Upon departure I was ready, I had bought plenty of food or the trip as I doubted there were any vegetarian options on the train. About 40 minutes late, the train rolls into the platform, and that’s when I realized something was up.

I had trouble finding my cart as it wasn’t marked as it said it would be on my Violette ticket. The train staff just looked at me confused when I showed them my ticket, and as everyone else had gotten on and the train was blowing it’s horns, I was afraid I wouldn’t get on. Then comes this angry looking man in a railway uniform and takes my ticket out of my hands, and starts walking off. I follow, he’s not saying one word in English, I have no idea what’s going on. He discusses with the ticket lady, and then they gesticulate for me to board the train, which by now had started rolling. What else was I supposed to do?

Finally on the train, this same angry looking man, from now on known as Mr. Angry, points for me to follow him, but is not interested in actually waiting for me as I try to keep up with my 20kg backpack, which by the way was way to wide for the narrow hallway on the train. Finally Mr. Angry points for me to sit in a cart, which is of the same kind I had booked, so I thought at least that’s settled.  Meanwhile he’s calling Violette, and all I hear is alot of discussion in Vietnamese. I start to pack out and make my bed while he’s making several different calls, sitting in my cart, still angry looking. And he watches me as I does this, not saying anything to stop me. After about 15 minutes when I’m all packed out, Mr. Angry hangs up and says. “Come”, and gesticulates for me to bring my stuff. So this asshole had been watching me for 15 minutes getting settled in without stopping me, and now tells me to hurry and follow him with my stuff. I hated him by now.

Mr. Angry then points me into another room where there was an angry looking lady as well, this was allso a soft 4 bed sleeper cart but without the extra service soI thought “fine, I just wanna relax and settle in for my trip now”. Then he calls the booking company I used and hand his phone to me, and a booking consultant tells me in English that Violette had booked me for the wrong date, and they didn’t have any available soft sleepers for this train, but that they could offer me a bed in a hard 6 bed sleeper cart, which is in no way larger than the 4 bed carts, and far dirtier. So once again I was in the wrong cart, and was asked by Mr. Angry to gather my stuff and follow him once again.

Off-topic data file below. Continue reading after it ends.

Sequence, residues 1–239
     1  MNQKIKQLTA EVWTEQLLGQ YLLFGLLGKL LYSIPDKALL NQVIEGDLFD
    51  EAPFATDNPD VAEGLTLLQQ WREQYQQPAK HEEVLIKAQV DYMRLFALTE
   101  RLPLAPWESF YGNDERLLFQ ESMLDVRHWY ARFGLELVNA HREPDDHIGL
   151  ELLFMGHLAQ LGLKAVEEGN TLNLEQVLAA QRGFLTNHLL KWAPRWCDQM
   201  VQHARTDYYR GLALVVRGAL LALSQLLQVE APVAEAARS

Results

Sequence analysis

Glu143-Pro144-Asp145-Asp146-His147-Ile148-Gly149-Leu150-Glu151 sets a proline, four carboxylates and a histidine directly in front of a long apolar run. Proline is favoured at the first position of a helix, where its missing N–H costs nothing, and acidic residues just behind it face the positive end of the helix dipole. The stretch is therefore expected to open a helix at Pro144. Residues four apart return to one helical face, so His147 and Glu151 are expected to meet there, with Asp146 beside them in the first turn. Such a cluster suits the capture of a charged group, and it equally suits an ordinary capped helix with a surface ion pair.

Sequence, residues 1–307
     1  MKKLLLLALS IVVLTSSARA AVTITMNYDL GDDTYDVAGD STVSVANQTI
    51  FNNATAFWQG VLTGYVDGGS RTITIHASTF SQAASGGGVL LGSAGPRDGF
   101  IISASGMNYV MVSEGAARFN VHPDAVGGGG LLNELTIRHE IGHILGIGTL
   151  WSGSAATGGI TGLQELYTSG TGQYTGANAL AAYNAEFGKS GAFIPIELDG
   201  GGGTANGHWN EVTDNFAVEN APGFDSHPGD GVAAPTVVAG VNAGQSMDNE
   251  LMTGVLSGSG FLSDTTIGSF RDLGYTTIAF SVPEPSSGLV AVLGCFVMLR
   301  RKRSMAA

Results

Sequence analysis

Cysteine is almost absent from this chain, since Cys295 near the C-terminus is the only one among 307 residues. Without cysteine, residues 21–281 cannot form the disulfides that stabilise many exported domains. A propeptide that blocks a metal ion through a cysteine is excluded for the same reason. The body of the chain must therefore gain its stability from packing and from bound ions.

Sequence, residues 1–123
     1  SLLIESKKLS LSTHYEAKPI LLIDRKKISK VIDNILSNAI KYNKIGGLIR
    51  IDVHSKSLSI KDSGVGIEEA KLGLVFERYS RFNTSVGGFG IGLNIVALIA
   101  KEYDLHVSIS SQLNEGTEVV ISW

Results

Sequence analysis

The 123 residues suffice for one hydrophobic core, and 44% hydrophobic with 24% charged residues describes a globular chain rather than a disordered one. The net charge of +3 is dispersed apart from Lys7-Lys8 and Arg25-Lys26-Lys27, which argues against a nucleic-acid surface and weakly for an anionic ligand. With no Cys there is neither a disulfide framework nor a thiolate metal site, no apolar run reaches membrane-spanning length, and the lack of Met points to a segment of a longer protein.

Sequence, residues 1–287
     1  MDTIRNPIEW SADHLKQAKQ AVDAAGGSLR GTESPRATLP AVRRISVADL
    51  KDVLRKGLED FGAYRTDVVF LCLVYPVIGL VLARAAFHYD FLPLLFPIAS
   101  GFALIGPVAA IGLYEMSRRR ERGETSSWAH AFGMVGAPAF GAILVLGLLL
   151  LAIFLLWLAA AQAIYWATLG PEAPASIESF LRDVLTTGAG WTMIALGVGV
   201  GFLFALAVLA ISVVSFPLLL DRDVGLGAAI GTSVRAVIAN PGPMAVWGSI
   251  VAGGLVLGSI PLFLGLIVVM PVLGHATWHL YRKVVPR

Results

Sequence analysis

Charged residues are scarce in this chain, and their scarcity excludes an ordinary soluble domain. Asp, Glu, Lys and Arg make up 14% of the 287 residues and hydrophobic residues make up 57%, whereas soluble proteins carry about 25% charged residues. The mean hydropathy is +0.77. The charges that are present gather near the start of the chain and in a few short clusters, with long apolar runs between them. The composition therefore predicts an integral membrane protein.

I ended up in an even smaller, hard (as in almost laying on hardwood) 3 bed sleeper cart shared with a Vietnamese family of four sharing two of the beds. I got the third, top bed to my self. So we were 5 people in about four square meters for 17 hours, with complimental cockroaches in the cracks of the room. And the window was so dirty I had no view. No food carts ever came to us at “lower class” tickets, so I’m glad I stocked up on food before departure.

But the family I was roomies with were very friendly, we could not understand each other, but alot can be said with smiles and body language. I also got to finish my book and start another, and the view could be enjoyed from out in the hallway.  At least until sundown. Every now and then Mr. Angry passed by, looking at me angrily.

So all in all it ended up OK, and Violette will refund my ticket. I just need to spend the rest of the day recovering from the mostly sleepless night. It’s days like this I realize that I’m not in my twenties any more!

I have chosen to follow my gut feelings, so I’ve changed my flight tickets. I’ll be gong back to Tonsai the day after tomorrow. It feels right, rounding up my trip where I’ve had the most fun.

Peace! – Charlotte